Happy Monday, everyone. I hope you had a restful weekend, and feeling good now that we're returning to another work week. For me, this is far from a regular Monday. Just before rolling into best last night around one in the morning, I declared Monday a lazy day. Pajamas, Blippi on the couch, ordering out for lunch. Today, the Recker family is borrowing a day from the week to act as our make shift weekend extension.
Marissa was on board with the decision. She stayed up even later than I, catching up on emails and Instagram messages. When I got downstairs this morning, Hamilton was still paused on the TV and there was an empty bottle of Chardonnay on the table.
Rodney and I had a quiet morning thus far. He got his regular crappy bar breakfast on the couch with a cup of juice, even though he begged me for one of Auntie Sarah's sparkly crappy bars - homemade rice krispy treats speckled with colorful sprinkles.
"Sorry dude," I said. "Those are afternoon treats - not for the morning."
"Where are my decorations?" asked Rodney sitting on the couch.
"We took 'em down, dude," I said, sinking into the couch beside him. "What, did you think we were going to celebrate your birthday for another week?"
Rodney is in for a rude awakening today. Stretching out his birthday for almost three parties, he's probably grown accustomed to the royal treatment. And as if tearing down his Spider-Man decorations and denying him a sugary breakfast weren't bad enough, we have to take him to the doctor's later this afternoon for a shot.
"I actually do feel bad for him there," said Marissa. "The poor guy - welcome to the real world, huh?"
Sip. Yesterday, we threw a party. It was Rodney's second birthday party, this time with the Recker side of the family. But before we shifted into party mode, I dedicated the morning to building LEGO's with Rodney at the breakfast table. The two of us dumped the plastic bags out and began to rifle through the instructions, taking extra care not to lose any pieces this time.
First we assembled the figurines, attaching fearsome red tentacles to Carnage's arms and torso. We snapped together the pieces of a tiny Venom, giving him some fantastic webbing. And I immediately saw the wisdom in how things were ordered in the LEGO instruction manual - having the figurines to play with distracted Rodney enough to let me embark on the more ambitious convertible motorcycle and instrument panel.
And using all of my adult focus, building the motorcycle only took me 45 minutes. Every piece used, even down to the decals. Finally, a LEGO engineering effort we could be proud of.
Marissa joined us downstairs, and after a cup of coffee, we jumped into party mode. I picked up a few things from Hy-Vee and began cooking a double batch of pizza and some starters. Marissa put the house together. We got so focused on the party that we cruised right through lunch. Marissa made us some early afternoon turkey sandwiches. We pumped some music. Rodney ran around the house with his toys. We were feeling good.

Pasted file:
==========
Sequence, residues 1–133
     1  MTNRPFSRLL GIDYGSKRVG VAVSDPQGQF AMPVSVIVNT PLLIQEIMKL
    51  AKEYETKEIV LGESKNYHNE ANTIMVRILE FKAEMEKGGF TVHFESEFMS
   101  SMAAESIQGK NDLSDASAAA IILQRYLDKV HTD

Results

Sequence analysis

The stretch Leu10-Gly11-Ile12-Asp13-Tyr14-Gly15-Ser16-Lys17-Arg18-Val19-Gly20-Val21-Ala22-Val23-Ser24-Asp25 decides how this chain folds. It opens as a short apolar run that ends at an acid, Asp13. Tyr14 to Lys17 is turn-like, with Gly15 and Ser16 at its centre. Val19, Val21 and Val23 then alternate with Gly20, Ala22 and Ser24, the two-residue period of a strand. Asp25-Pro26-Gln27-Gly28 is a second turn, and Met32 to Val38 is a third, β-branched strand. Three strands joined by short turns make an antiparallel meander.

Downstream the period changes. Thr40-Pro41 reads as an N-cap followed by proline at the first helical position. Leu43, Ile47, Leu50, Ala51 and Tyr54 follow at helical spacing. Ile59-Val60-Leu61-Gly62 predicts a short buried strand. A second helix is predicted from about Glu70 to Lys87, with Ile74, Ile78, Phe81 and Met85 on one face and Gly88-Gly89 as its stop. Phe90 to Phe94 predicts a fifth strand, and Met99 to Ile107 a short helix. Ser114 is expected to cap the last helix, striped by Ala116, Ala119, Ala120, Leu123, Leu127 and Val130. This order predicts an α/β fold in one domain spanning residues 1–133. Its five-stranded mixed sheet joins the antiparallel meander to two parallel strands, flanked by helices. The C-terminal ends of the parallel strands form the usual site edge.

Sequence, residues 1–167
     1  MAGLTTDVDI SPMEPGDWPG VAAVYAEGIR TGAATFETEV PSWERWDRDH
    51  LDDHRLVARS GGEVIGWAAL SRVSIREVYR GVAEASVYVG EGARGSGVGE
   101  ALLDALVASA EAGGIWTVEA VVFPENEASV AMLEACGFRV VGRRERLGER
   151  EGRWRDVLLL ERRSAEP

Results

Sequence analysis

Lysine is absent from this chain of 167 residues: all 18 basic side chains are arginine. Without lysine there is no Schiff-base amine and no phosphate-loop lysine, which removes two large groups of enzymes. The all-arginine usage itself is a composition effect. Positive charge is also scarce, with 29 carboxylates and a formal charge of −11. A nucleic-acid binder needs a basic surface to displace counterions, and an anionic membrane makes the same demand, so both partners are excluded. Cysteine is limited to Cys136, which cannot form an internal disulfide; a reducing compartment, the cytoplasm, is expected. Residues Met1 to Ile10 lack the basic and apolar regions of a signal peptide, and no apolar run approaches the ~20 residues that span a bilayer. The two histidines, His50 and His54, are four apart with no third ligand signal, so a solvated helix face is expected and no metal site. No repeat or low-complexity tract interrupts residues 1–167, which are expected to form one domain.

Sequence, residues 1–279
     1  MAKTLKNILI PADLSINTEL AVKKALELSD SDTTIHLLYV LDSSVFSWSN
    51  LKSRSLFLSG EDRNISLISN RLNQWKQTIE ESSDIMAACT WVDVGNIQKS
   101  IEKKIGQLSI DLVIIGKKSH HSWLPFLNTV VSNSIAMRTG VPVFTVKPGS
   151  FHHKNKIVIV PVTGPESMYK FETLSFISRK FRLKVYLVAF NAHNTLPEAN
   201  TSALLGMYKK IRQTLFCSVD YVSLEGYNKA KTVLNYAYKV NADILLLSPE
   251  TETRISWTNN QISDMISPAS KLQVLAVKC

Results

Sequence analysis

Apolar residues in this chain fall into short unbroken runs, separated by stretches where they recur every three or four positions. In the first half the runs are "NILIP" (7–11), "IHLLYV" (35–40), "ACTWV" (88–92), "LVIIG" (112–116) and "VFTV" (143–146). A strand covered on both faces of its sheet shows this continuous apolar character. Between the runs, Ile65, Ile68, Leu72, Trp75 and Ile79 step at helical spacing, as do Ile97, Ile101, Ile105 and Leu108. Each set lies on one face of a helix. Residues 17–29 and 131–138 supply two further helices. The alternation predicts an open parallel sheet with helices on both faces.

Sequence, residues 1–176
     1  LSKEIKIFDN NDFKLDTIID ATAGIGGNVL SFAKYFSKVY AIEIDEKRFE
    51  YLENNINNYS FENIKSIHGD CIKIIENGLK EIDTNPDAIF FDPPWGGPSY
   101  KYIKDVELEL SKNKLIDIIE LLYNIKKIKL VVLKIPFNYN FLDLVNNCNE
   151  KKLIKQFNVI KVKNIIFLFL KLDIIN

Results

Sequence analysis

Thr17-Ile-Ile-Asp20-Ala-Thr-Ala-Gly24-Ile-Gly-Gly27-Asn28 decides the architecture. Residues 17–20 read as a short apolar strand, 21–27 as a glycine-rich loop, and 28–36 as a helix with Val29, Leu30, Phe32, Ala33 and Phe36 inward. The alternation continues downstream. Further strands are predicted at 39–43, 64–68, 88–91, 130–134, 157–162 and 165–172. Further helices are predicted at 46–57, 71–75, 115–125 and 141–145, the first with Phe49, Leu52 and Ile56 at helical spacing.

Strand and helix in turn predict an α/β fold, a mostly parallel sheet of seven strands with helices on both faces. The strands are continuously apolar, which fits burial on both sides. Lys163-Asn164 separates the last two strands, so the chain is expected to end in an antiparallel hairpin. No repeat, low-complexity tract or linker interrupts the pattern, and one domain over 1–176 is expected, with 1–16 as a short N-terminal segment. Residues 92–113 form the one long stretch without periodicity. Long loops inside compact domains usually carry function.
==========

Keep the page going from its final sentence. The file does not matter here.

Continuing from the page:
Minutes before everyone arrived, Marissa carefully removed the delicate fragments of Mistake Cake from the fridge and stacked them on a place mat, sandwiched around a layer of red frosting. She raised her hands in the air after a successful landing.
"This is the best one yet," she declared proudly. "I mean, it's the third time I've made this cake in the past four days, but I'm still proud of this one."
Grandma Jane and Grandpa Dirk arrived. Auntie Kelly, Uncle Jeremy, and Rodney's cousins Alice and Frankie trickled in. Sarah and Phillip joined us. We cautiously mingled on the deck, enjoying beer and wine.
"Mama says no touching," Rodney announced proudly.
Rodney opened a giant monster truck and a bow with suction cup arrows. For his final gift, we led him to the front yard where Grandma and Grandpa stashed his brand new tricked out Spider-Man bike. Rodney stared at it in disbelief.
"Try it Rodney," said Grandma. Rodney stepped back and shook his head. "First, Alice try it," he said.
I figured that would happen. From what I can tell, Rodney doesn't like to be put on the spot. Instead, he encouraged his cousins, Marissa, and even Grandpa Dirk to ride it around, like he was running an attraction at a carnival.
"We'll take it to the parking lot tomorrow and try it out, OK bud?" I said to Rodney quietly.
We cut the cake on the deck, and sang to Rodney. Even though he was plugging his ears, he was smiling.
After things began to wind down, we said our goodbyes, and as the backyard snapped shut I felt a rush of relief. We were so grateful that our family - both families - made the trip out to celebrate with Rodney, even with everything that's going on. We were grateful that we were still able to celebrate with a small, safe group. We're grateful that his cousins had no trouble with the no touching rule.
"Do you think we were safe enough?" asked Marissa. "Our deck just feels so small when we're all outside."
I sighed. "We did our best, and we were following the rules, and we do take coronavirus seriously," I replied. "I don't think this is about who is doing it right and who is doing it wrong. This is an effort, and it's about prioritizing the cause."
I'm happy that Rodney had such a great weekend. He has a bounty of new exciting toys to play with, and once he works up the nerve, we're going to go kick the tires on his new bike - if he's not too sore from shots, of course. We may just have to stick with LEGOs today. Thanks for stopping by, and have a wonderful day.